By Carmelo Ruiz-Marrero

Two recent events should make us rethink not only our energy path but also our economic path.

First, the U.N. Intergovernmental Panel on Climate Change (IPCC) released a summary of the most recent climate science findings last month. File it under "horror."

The report asserts that "warming of the climate system is unequivocal." According to the document, the world will continue to get hotter under all scenarios.

Ominously, it adds: "Most aspects of climate change will persist for many centuries even if emissions of CO2 are stopped."

But sadly, carbon emissions are not stopping; we keep spewing the stuff into the atmosphere from our cars, trucks and coal plants.

Second, the ongoing disaster at Fukushima proves that nuclear power is not the solution. The TEPCO utility and the Japanese government have barely an idea of what to do with 13,000 spent nuclear fuel rods that are in peril at the reactor site. They contain more than 400 tons of extremely radioactive material.

So, all roads lead to renewable energy sources like solar and wind, right?

Well, it's not that simple. As professor Ted Trainer of the University of New South Wales in Australia has demonstrated, renewables cannot work in a consumer society based on endless growth and ever-increasing and wasteful consumption.

Therefore, reducing humanity's collective ecological footprint is no less important than switching to energy alternatives.

The best way to lighten that footprint is to repudiate the need for constant economic growth.

De-growth is already under discussion in Europe and in some circles in Latin America. The proposal is not new. Economists like Serge Latouche of France, Joan Martinez-Alier of Spain and Herman Daly of the United States have written extensively about it. And there are new thinkers joining the fray, like economists Tim Jackson and Peter Victor, who are inviting us to consider prosperity without growth.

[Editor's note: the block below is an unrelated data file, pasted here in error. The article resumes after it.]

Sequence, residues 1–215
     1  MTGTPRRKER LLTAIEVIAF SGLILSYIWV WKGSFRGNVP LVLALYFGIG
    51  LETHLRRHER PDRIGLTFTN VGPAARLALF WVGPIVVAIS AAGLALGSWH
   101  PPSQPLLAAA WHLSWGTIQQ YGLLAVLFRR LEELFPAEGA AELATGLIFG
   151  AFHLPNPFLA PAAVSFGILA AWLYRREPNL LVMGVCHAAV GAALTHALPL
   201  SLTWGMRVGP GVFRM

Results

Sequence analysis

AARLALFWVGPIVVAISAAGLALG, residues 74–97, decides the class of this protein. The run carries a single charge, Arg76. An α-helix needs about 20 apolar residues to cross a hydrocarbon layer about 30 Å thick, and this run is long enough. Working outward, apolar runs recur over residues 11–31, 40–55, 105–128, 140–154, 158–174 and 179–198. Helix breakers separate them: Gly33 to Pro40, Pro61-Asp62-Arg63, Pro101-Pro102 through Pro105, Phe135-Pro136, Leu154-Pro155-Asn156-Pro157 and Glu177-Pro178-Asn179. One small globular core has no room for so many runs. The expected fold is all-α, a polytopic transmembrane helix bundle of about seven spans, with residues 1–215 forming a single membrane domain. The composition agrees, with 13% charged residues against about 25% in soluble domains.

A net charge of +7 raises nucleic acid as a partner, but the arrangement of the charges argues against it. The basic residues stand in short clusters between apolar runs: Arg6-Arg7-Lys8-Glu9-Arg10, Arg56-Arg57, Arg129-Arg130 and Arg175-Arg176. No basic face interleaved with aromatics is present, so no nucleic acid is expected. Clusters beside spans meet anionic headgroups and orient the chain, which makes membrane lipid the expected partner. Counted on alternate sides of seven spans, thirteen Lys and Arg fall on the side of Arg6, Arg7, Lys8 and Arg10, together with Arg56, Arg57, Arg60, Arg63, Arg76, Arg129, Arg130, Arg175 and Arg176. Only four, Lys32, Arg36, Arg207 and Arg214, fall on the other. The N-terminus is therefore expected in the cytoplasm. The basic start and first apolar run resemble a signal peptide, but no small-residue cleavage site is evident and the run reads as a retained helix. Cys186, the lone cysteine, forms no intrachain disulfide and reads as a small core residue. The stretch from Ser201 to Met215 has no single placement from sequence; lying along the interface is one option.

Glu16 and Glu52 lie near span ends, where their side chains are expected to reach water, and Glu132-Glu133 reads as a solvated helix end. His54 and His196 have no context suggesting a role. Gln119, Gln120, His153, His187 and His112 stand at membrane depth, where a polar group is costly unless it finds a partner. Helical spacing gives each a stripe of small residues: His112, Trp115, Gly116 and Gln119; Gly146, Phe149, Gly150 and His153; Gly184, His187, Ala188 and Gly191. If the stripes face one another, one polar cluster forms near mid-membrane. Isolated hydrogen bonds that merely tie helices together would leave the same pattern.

We should get used to the idea that we cannot have both an environmentally sound economy running on renewable energy and an endlessly growing economy.

We need to re-examine what we mean by growth and what we mean by prosperity, while we still have time.

Carmelo Ruiz-Marrero is a Puerto Rican author, journalist and environmental educator. He can be reached at

Copyright Carmelo Ruiz-Marrero.

Photo: Flickr user Mark Rain, creative commons licensed.



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Trump's politics are not the problem.

The fiery Milwaukee Sheriff is on the shortlist to head the Department of Homeland Security.

By Wendell Berry

Manifesto: The Mad Farmer Liberation Front

Love the quick profit, the annual raise,
vacation with pay. Want more 
of everything ready made. Be afraid 
to know your neighbors and to die.
And you will have a window in your head.
Not even your future will be a mystery 
any more. Your mind will be punched in a card 
and shut away in a little drawer.
When they want you to buy something 
they will call you. When they want you
to die for profit they will let you know. 
So, friends, every day do something
that won’t compute. Love the Lord. 
Love the world. Work for nothing. 
Take all that you have and be poor.
Love someone who does not deserve it. 
Denounce the government and embrace 
the flag. Hope to live in that free 
republic for which it stands. 
Give your approval to all you cannot
understand. Praise ignorance, for what man 
has not encountered he has not destroyed.
Ask the questions that have no answers. 
Invest in the millennium. Plant sequoias.
Say that your main crop is the forest
that you did not plant,
that you will not live to harvest.

Say that the leaves are harvested 
when they have rotted into the mold.
Call that profit. Prophesy such returns.
Put your faith in the two inches of humus 
that will build under the trees
every thousand years.
Listen to carrion—put your ear
close, and hear the faint chattering
of the songs that are to come. 
Expect the end of the world. Laugh. 
Laughter is immeasurable. Be joyful
though you have considered all the facts. 
So long as women do not go cheap 
for power, please women more than men.
Ask yourself: Will this satisfy 
a woman satisfied to bear a child?
Will this disturb the sleep 
of a woman near to giving birth? 
Go with your love to the fields.
Lie easy in the shade. Rest your head 
in her lap. Swear allegiance 
to what is nighest your thoughts.
As soon as the generals and the politicos 
can predict the motions of your mind, 
lose it. Leave it as a sign 
to mark the false trail, the way 
you didn’t go. Be like the fox 
who makes more tracks than necessary, 
some in the wrong direction.
Practice resurrection.

Wendell Berry is a poet, farmer, and environmentalist in Kentucky. This poem, first published in 1973, is reprinted by permission of the author and appears in his “New Collected Poems” (Counterpoint).

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